Let’s face it—there’s something creepy about our collective serial killer fetish. Maybe even more disturbing if you’re a bookseller, watching customers stocking up daily on Manson, Bundy, et al. And don’t even get me started on those novels full of lovingly detailed gore and mutilation narrated in the first person. New Zealand thriller writer Paul Cleave’s dark and bloody Collecting Cooper kicks off with, yes, yet another abduction of yet another pretty young woman, and relates the horrendous details of her prolonged captivity as the forces of good race to save her. But Cleave is actually doing more than writing porn for sickos—he’s also poking a stick into some very dark places, which is what makes his tale alternately enthralling and unsettling.
It’s not enough that Christchurch, New Zealand, is crawling with psychos—no, everyone in the story is seemingly obsessed in one way or another with homicidal maniacs, in particular nominal hero Theodore Tate, the disgraced, guilt-ridden private eye just out of prison after four months for driving under the influence. He’s hired by Donovan Green, a figure from his troubled past, to find his daughter, Emma. Meanwhile, Schroeder, one of Tate’s few remaining police friends, asks him to look into the whereabouts of another serial killer, Melissa X. And then Emma’s psychology professor, Cooper, who’s writing a book on serial killers, is kidnapped by a former mental patient who is also, yes, obsessed with serial killers.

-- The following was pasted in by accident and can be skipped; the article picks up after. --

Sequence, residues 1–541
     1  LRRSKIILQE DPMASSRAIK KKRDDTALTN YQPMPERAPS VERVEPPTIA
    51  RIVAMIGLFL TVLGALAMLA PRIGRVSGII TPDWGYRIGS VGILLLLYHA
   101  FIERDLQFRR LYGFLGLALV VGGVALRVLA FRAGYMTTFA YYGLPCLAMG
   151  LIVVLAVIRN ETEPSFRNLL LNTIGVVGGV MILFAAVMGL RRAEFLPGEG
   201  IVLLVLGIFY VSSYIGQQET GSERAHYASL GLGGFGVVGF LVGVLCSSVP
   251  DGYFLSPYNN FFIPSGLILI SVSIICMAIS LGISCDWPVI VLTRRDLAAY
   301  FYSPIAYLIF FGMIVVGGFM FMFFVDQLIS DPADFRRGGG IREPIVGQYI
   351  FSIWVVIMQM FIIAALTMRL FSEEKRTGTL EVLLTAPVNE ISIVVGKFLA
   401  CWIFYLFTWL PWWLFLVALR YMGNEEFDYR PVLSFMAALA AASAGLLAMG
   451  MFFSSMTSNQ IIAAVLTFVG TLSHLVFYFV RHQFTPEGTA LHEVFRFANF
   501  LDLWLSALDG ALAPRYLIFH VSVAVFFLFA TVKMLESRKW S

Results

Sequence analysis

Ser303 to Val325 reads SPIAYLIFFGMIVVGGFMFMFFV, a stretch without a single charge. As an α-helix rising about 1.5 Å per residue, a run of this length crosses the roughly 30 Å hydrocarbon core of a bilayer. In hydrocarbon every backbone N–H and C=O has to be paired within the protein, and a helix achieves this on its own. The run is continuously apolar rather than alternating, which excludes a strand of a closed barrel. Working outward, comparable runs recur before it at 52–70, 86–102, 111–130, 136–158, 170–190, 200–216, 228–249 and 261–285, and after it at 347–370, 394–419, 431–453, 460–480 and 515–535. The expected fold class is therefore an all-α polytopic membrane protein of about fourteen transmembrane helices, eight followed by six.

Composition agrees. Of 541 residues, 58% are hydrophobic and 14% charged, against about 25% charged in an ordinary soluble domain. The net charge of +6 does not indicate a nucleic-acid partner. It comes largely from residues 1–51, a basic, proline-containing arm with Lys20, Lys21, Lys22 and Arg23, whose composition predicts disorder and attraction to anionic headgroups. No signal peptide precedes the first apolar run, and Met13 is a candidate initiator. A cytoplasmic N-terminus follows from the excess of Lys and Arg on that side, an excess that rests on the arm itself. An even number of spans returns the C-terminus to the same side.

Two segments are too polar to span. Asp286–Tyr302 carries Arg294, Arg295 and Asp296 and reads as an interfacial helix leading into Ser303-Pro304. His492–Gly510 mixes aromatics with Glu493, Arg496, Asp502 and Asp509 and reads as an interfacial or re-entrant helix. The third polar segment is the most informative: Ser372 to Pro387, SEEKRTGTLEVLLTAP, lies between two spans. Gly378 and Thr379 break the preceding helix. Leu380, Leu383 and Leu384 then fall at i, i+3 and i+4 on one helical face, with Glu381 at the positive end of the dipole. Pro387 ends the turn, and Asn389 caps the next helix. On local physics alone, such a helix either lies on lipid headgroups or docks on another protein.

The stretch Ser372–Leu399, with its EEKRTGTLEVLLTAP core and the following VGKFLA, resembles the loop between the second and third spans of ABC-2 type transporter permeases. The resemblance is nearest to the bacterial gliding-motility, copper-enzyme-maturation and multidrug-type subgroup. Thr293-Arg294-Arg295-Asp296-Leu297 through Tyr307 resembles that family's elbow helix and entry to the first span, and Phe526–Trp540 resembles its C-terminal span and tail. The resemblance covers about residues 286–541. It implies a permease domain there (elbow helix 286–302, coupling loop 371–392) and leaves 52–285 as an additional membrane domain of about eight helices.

The circle of obsession—and the impulse to torture and kill—spreads through this book like a virus, as though contact with monsters alone can turn you into a monster. Cleave juggles multiple points of view and some deft misdirection to keep readers off-balance. His hellish depiction of Christchurch in the middle of a heat wave is without pity, and, as a reward to the faithful, perhaps, villains from his previous thrillers also pop up (because of course, who doesn’t want to recall fond memories of eyeball gauging, cannibalism and torture?). The cynical, ambiguous conclusion to this wild, violent romp really makes you wonder about Cleave. And his fans...and me. I couldn’t put it down.